NESFA Members' Reviews

The Pixel Eye

by Paul Levinson

Tor, 2003, ISBN 0-765-30556-9

A book review by Elisabeth Carey

This is the latest adventure of Phil D'Amato, NYPD forensic psychiatrist in a very near future New York. Although The Consciousness Plague was somewhat influenced by 9/11, this is the first truly post-9/11 D'Amato tale. His immediate boss, Jack Dugan, is now Deputy Mayor for Public Safety, New York's own Homeland Security czar, and Phil is still reporting to him.

Any mystery series whose protagonist is not a detective gradually experiences an increasingly hazy connection between that person's theoretical job and what they actually do, and as The Pixel Eye opens, Phil, at Dugan's request, is investigating city park workers' reports of missing squirrels. The fear is of course that the missing squirrels may signal the start of a new epidemic, whether natural or the result of a biological attack. The squirrels aren't dying, though; they're just temporarily missing, and as Phil investigates missing squirrels, stolen hamsters, and other omnipresent rodents, he finds something even more alarming. A visit to a rodent research facility, where scientist Jill Cormier is studying the auditory abilities of hamsters, leads to an accidental encounter with former NY policeman Frank Catania, now a special agent in the new Homeland Security Department, and that leads Phil down increasingly strange and potentially paranoid paths. where neither he nor the reader know who are the good guys and who are the bad guys, or even which players are working together and which are rivals or opponents. Hamsters as listening devices, conflicting stories on whether or not squirrels are being used for video recording, research labs that burn down immediately after Phil visits them, creepily sophisticated hologram-enhanced A.I.s, and some terrifying speculation about what might be down with miniaturized bombs and the rats and mice we shall have always with us, make for a tense and exciting story, with Phil never knowing who he can trust and who he can't. And in the end, he doesn't know whether he's stepped up another level in the forces of good, or embraced the forces of darkness.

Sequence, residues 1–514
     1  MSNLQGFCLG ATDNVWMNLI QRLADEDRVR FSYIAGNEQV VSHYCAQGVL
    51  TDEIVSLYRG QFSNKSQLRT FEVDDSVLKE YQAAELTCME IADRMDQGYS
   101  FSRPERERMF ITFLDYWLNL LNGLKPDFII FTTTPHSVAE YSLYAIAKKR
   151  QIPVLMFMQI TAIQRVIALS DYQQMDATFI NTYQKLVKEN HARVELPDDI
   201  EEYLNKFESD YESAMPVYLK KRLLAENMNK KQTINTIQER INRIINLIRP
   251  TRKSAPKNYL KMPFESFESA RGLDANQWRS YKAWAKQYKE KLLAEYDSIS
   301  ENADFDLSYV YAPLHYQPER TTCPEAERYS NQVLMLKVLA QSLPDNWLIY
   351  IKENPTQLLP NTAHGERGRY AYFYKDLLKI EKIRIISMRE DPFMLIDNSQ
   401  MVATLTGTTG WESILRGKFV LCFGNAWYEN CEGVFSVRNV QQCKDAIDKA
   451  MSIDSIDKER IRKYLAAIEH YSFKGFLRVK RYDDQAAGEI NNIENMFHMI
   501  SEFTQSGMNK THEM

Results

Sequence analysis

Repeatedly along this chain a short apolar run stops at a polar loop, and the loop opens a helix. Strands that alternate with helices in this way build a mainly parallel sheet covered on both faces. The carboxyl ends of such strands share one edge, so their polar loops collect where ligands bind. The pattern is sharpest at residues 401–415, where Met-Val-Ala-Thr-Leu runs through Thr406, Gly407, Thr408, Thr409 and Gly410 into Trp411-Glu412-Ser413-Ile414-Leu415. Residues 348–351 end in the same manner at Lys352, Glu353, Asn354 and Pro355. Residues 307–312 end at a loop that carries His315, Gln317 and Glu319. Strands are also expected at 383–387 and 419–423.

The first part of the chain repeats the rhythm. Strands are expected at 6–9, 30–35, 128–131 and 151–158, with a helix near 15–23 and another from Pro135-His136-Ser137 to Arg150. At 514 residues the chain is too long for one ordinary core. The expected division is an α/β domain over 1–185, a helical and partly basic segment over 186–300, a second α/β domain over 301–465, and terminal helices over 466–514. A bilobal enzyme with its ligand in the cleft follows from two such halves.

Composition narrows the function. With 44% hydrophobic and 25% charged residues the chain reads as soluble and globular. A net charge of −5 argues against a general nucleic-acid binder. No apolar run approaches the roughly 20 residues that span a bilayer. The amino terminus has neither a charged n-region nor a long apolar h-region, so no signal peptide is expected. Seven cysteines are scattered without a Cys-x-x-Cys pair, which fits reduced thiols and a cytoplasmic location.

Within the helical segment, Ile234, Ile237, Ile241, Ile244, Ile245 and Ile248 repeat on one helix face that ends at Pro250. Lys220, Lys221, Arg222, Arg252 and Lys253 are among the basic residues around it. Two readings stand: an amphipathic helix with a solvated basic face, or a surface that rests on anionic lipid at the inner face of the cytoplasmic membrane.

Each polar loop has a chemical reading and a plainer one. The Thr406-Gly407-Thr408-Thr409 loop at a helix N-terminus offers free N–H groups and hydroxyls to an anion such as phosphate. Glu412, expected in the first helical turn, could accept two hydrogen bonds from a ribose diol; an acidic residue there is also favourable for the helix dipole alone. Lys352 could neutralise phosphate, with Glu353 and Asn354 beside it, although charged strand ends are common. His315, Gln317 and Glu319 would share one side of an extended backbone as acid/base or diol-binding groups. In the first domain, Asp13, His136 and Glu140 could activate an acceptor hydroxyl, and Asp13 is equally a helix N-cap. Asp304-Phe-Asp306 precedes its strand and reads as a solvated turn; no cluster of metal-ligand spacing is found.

A very satisfying addition to the series.

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